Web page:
Campaign “Serbia in Quest for Information” for the public’s right to know
The first “Week of the Public’s Right to Know” will begin on Monday September 24th and end on Friday September 28th, on the International Right to Know Day which is celebrated throughout the world. Within the campaign “Serbia in Quest for Information“ street actions entitled “If you want information of public importance, ask Santa” shall be organised in several cities (Prijepolje, Užice, Valjevo, Smederevo, Sombor) during the “Week of the Public’s Right to Know”. The aim of this initiative is to inform the citizens about this important right in an amusing manner.
The right to know is a very important right, guaranteed by the Law on Free Access to Information of Public Importance, that enables all citizens to have an insight into the work of public institutions financed with their money. This Law has enables citizens to find out many facts of public interest that would have remained hidden from the eyes of the public.
The Draft Amendments of Law on Free Access to Information of Public Importance that the Ministry of Public Administration and Local Self-Government presented this spring, indicates that the state has the intention to hinder the public’s insight into the work of state institutions. The citizens are expected to pay and not to ask how their money is spent.
Let us remind you, a group of organisations composed inter alia of Belgrade Centre for Security Policy, CRTA, Law Scanner, Civic Initiatives, Slavko Ćuruvija Foundation, Transparency Serbia, BIRN, Partners Serbia and Open Society Foundation Serbia launched the initiative to defend the public’s right to know. The initiative has so far gathered 80 civic and media associations and organisations.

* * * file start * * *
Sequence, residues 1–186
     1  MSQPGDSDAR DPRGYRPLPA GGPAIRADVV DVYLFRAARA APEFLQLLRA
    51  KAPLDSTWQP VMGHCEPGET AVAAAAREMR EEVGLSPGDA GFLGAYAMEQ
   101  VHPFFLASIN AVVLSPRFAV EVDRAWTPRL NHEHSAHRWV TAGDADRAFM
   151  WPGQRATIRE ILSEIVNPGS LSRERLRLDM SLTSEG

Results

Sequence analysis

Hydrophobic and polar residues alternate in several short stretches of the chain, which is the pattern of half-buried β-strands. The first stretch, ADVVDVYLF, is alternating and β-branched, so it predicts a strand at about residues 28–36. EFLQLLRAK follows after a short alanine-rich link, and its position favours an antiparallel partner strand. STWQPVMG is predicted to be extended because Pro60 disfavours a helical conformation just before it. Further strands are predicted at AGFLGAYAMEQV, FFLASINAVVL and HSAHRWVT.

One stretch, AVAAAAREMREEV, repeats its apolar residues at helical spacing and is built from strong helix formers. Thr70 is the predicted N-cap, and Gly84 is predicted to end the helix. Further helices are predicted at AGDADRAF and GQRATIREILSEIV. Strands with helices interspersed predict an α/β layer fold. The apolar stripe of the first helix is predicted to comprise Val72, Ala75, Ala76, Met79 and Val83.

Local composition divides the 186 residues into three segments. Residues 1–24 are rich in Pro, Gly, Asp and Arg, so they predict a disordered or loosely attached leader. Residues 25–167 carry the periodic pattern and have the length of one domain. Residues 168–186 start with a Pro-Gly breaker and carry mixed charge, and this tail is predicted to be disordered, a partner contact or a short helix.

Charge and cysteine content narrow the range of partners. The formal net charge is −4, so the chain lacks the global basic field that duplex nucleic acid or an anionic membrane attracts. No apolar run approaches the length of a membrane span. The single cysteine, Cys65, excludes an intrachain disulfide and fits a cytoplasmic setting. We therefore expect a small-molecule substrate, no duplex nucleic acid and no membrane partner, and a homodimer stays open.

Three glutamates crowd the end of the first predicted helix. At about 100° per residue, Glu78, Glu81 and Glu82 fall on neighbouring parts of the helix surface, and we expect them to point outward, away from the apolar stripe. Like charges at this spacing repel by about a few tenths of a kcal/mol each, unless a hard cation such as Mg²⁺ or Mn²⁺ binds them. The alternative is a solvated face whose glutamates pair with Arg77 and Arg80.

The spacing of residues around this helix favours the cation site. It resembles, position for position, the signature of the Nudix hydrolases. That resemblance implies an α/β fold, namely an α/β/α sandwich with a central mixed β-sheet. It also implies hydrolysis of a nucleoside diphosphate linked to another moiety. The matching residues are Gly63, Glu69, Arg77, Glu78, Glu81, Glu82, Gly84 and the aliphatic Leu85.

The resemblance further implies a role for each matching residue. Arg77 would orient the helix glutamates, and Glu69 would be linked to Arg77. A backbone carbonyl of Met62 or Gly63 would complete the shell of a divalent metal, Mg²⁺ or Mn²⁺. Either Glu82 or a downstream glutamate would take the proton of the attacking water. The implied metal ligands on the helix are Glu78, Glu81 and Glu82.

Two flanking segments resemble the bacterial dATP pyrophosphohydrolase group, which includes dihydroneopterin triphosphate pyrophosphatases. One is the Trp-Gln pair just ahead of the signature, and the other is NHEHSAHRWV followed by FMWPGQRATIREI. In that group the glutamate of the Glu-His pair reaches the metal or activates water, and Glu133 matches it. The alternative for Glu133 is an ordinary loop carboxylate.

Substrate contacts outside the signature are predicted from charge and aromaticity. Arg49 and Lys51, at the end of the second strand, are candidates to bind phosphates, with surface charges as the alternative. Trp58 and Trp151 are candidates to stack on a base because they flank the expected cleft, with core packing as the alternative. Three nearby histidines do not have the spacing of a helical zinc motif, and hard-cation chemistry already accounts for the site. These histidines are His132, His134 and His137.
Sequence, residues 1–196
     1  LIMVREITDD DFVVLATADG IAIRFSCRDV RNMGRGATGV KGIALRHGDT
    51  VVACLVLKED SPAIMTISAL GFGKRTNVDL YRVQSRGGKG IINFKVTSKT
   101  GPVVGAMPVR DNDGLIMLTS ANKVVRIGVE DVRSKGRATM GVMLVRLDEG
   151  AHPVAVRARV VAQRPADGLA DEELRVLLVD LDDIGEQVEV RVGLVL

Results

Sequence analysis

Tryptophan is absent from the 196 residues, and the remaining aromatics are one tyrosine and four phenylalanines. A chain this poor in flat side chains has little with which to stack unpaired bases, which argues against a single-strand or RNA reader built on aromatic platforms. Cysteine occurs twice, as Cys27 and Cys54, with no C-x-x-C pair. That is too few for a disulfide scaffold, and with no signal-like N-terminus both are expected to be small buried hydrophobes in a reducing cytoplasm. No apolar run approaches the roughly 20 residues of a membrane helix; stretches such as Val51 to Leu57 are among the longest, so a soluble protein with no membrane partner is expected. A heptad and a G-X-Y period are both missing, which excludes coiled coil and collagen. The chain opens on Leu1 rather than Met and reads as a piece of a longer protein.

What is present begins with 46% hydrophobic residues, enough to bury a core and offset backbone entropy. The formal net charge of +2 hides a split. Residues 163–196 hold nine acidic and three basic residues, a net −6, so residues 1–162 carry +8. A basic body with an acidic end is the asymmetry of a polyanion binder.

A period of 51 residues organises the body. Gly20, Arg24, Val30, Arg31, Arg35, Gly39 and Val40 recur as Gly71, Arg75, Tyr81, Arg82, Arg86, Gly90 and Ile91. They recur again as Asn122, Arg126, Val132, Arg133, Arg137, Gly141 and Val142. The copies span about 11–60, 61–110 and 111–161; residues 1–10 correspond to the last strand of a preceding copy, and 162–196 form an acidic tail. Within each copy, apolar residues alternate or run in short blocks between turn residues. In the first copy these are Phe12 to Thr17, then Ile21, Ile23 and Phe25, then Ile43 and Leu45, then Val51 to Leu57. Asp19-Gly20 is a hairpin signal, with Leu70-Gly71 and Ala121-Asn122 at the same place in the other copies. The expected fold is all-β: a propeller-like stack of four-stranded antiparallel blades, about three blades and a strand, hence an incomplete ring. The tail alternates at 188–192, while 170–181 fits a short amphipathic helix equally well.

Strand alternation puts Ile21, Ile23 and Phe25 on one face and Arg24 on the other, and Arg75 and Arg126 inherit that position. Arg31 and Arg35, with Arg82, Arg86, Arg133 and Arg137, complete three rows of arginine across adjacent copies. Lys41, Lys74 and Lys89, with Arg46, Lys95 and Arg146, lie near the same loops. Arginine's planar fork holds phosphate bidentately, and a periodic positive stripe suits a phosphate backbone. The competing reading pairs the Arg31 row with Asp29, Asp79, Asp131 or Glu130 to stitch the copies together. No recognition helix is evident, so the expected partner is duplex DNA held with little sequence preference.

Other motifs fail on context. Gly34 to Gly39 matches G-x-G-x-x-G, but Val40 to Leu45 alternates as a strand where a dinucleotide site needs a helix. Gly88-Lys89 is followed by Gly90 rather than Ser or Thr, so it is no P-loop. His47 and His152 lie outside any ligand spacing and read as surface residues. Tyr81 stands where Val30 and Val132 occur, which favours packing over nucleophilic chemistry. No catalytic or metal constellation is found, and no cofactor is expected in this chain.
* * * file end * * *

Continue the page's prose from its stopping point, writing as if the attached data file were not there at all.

The said organisations indicated that the provision of the Draft Law, which excludes a part of companies (capital societies) from the obligation to disclose information, is very harmful, as these companies dispose with a considerable property. Furthermore, the possibility for the authorities to conduct administrative proceedings against the binding, final and enforceable decisions of the Commissioner for Information of Public Importance and Personal Data Protection is inconsistent with the principle of legality. During the public hearing, 1,200 citizens sent comments to the competent Ministry urging it not to adopt these harmful provisions, but until now the Ministry has not informed the public whether the comments have been accepted or not.